Our rally was organised within three weeks and had the effect we wanted to draw everyone’s attention to the threat to our public Forests. In the past few weeks, we have heard from campaigners in the New Forest, Sherwood, Haldon, Thetford and the Lake District, and I’m fielding a raft of national media enquiries. An unknown quantity of artistic statements, protest songs, banner-making and guerilla yellow ribboning has bubbled up from amidst the trees, as people convert rage and disbelief into positive creative forms of opposition.
Thousands more people have put pen to paper, or fingers to keyboards, and swamped MPs, ministers and Lords with letters and emails (see Parliament’s website for their names and addresses), urging them to vote for amendments that will protect our forests in the Public Bodies Bill, and copy in our representative in the Lords, Baroness Jan Royall to the correspondence. You, reader, might live miles away from a forest, but I guess you might want to freely walk, cycle or trek through one in the future. The onus is on everyone to fill Lords’ mailbags right now.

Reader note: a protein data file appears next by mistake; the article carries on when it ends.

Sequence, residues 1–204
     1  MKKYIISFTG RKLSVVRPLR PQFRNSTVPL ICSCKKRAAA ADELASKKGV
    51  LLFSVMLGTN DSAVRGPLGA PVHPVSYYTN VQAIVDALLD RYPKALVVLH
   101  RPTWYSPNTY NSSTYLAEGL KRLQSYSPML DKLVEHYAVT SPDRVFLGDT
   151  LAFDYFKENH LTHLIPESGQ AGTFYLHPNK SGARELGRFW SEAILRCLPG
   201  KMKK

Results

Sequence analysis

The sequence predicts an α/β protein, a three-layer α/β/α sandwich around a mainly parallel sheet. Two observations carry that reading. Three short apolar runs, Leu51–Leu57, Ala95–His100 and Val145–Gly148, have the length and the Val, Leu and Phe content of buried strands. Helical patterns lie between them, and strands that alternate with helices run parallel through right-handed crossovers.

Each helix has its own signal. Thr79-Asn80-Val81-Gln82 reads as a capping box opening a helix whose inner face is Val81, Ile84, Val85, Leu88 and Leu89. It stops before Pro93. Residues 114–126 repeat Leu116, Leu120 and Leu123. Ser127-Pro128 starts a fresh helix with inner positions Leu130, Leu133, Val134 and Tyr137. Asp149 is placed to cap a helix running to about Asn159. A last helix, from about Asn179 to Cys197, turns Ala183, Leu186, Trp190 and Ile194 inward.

And if we fail to sway Parliament, and fail to temper this rampant ‘Big Society’ ideology? The spirit of Warren James will have to answer. For non-scholars of the 1831 Dean Forest Riots, I should explain that means fence-destroying and mass trespass of newly enclosed or privatised land; or even summoning up the spirit of John Williams from the 17th-century Western Rising, it means dressing up as the warlike Lady Skimmington, fence-destruction and the playing of rough music outside the homes of the gentry.
“They’ll suck out the egg if they once prick the shell”. That 1884 phrase resonates now. We must reverse the situation so the “they” is us and the egg is this warped, right-wing oligarchy. Time to fight most fiercely to keep not only our health, our libraries and education, but also our fresh air.
Do your bit now.
Owen Adams is a writer and promoter. Visit